PORTLAND, Ore. (KOIN) — As Madison Shanley waited in the Portland Timbers locker room to sing the national anthem – as she has for the last 12 years – all her thoughts were focused on the words printed on her shirt.

Shanley decided to wear a bright red shirt with the words “You Knew” while singing the national anthem at the Timbers’ game last Sunday. The Portland resident told KOIN 6 News she made the decision following the domestic violence allegations against former Timbers player Andy Polo.

“When I started hearing about the allegations that had been made, and the mismanagement of the front office with these said allegations, I was heartbroken,” Shanley said. Shanley describes herself as a survivor of domestic violence and sexual abuse.

“You knew — yet didn’t protect the players, the women involved in making the reports,” she stated.

Madison Shanley sings the national anthem at the Timbers game last Sunday while wearing a shirt with the words “You Knew” printed on top. (Courtesy Photo: Kayla Plummer/ KP Photography)

The Timbers terminated Polo’s contract last February due to the domestic violence allegations against him. However, the announcement came one day after the club said Major League Soccer had suspended Polo after the same allegations against the player.

According to the Athletic, the Portland Timbers did not inform MLS soccer officials of the 2021 domestic violence allegations against Polo until news broke publicly in early February.

A review done by lawyers for Major League Soccer later concluded that the Timbers did not induce or pressure the wife of former player Andy Polo to decline to pursue criminal charges. As part of the review, the Timbers were fined $25,000 for failing to “promptly and appropriately report the incident” to the league.

Before the accusations against Polo, former Portland Thorns head coach Paul Riley was accused of sexual coercion by multiple former players from across women’s soccer, including his former players in Portland, according to a report from The Athletic last fall.

Shanley said she wore a mock-up of her “You Knew” t-shirt at a Thorns game last October when the accusations came out against Riley. She remembers receiving inspiration from a banner at a previous game with the same saying.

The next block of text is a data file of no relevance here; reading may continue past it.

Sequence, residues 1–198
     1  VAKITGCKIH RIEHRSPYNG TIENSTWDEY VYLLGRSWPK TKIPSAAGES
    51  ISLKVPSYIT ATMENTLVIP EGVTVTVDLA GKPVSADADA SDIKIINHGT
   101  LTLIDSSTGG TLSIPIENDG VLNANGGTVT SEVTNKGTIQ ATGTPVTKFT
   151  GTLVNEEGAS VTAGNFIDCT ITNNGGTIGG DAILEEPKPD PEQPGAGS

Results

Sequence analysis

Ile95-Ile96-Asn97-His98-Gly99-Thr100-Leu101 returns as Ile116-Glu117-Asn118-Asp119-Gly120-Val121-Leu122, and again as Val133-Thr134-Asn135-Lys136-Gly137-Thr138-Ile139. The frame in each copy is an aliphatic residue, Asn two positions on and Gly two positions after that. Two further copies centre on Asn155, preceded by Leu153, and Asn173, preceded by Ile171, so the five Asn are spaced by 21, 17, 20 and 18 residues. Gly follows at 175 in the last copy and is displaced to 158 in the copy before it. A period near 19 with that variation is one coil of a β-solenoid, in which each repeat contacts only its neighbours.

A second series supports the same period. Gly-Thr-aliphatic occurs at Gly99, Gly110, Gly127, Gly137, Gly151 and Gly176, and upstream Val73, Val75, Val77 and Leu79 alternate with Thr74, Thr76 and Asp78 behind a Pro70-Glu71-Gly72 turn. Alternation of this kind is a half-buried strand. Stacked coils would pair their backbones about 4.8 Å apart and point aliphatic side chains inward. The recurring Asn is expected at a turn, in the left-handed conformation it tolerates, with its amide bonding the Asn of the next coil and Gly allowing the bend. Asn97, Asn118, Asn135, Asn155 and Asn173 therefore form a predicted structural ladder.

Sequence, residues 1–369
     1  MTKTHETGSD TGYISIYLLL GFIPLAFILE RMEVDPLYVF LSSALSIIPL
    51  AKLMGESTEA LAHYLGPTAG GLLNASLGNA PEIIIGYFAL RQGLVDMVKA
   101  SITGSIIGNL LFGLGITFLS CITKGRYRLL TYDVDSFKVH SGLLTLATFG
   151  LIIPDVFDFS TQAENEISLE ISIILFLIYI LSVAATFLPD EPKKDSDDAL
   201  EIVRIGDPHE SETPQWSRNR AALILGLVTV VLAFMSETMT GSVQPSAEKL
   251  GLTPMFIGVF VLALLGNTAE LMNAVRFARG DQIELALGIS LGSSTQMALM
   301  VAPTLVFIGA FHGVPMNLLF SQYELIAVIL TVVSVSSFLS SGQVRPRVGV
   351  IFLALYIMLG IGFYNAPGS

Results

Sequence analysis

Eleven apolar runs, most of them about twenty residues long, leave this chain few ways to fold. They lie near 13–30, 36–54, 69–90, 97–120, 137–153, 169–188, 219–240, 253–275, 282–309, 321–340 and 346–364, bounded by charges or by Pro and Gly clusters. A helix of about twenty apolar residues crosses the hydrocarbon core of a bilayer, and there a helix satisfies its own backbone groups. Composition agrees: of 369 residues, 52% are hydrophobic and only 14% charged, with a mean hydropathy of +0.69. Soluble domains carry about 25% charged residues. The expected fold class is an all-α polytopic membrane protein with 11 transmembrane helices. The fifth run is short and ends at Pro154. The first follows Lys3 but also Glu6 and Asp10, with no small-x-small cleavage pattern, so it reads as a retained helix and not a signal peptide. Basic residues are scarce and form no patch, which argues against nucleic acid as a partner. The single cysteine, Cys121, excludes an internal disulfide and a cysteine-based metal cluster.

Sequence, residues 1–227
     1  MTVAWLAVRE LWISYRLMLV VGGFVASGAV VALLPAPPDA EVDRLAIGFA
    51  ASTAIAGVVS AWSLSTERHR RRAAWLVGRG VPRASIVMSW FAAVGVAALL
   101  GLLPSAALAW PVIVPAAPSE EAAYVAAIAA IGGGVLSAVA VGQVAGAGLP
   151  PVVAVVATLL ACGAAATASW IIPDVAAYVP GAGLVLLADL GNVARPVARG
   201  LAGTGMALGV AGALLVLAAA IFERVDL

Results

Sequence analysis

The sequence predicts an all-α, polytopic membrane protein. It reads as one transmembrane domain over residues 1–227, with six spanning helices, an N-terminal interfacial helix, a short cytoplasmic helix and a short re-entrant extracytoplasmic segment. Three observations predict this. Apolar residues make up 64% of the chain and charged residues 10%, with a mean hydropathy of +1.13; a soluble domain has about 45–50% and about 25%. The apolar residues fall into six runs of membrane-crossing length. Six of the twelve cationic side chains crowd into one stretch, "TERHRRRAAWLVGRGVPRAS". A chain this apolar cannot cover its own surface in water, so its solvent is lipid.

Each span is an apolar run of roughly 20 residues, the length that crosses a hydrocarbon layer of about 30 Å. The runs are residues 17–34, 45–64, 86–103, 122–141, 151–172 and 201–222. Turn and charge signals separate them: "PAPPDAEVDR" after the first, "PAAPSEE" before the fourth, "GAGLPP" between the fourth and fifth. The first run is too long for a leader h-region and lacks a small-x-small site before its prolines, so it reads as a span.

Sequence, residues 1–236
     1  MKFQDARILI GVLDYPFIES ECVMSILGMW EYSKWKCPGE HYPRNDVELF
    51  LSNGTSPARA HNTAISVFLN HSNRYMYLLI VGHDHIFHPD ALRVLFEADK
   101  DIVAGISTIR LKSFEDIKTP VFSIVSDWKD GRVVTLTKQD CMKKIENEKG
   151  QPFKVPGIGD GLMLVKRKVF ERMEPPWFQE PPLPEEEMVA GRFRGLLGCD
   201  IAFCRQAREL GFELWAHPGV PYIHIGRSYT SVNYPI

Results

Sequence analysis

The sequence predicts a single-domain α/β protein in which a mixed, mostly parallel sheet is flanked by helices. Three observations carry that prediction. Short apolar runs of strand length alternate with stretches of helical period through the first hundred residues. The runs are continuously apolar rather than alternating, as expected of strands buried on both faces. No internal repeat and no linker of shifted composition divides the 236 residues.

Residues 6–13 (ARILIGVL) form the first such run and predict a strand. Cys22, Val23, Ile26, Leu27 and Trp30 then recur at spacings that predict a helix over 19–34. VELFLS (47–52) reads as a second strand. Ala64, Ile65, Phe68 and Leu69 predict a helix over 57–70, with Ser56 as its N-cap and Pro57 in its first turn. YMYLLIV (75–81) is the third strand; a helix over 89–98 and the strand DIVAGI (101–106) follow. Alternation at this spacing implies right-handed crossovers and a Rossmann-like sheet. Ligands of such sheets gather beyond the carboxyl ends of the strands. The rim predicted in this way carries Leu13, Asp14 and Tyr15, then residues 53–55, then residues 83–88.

However, Shanley said she received backlash after telling select people of her plan to wear the shirt before singing the national anthem last Sunday.

“I started getting text messages from my dad and a voicemail and calls from him expressing that Mike Golub had contacted him,” she said. “He contacted my dad in hopes that he would convince me not to wear the shirt because it would be risking my relationship with the organization. It would be basically giving a middle finger to the club is what his words were, and I felt a lot of pressure coming from my dad and coming from the higher-ups.”

KOIN 6 News reached out to the Portland Timbers for comment about Shanley’s shirt and her statements regarding Golub, who is the president of business for the Portland Timbers.

The Timbers did not have any further comments other than confirming the statement given to The Oregonian/OregonLive. Golub told the publication he didn’t have Shanley’s number and figured her father was with her at the stadium, as is normally the case, so that is why he chose to call him. Golub then went down to speak to Shanley in person after the call.

Shanley confirmed the face-to-face interaction with Golub.

“He just wanted to make sure I had all of the information in order to make the decision, and at that point, I did, so I asked him if he was going to pull me,” she recalled. “I asked him if he wasn’t going to let me sing, and he said, ‘No, you’re free to do what you’d like. You’re free to continue performing, but we want you to know the risks.’”

She added, “I knew what they were, and I went forward with it anyway because I had made my choice.”

A source with KOIN 6 News said Shanley is welcome to continue singing the national anthem at future Timbers games. Shanley said she’s been invited to meet with Timbers staff prior to singing on Sunday, April 17.

As for her decision to wear the shirt, she says she doesn’t regret it and received overwhelming support from the community. Shanley hopes the shirt can leave a longstanding impact as fans move forward.

“I know that [the shirt] comes off as a message of punishment. It comes off as a message of disdain,” she said. “However, for me, it’s a message of hope.”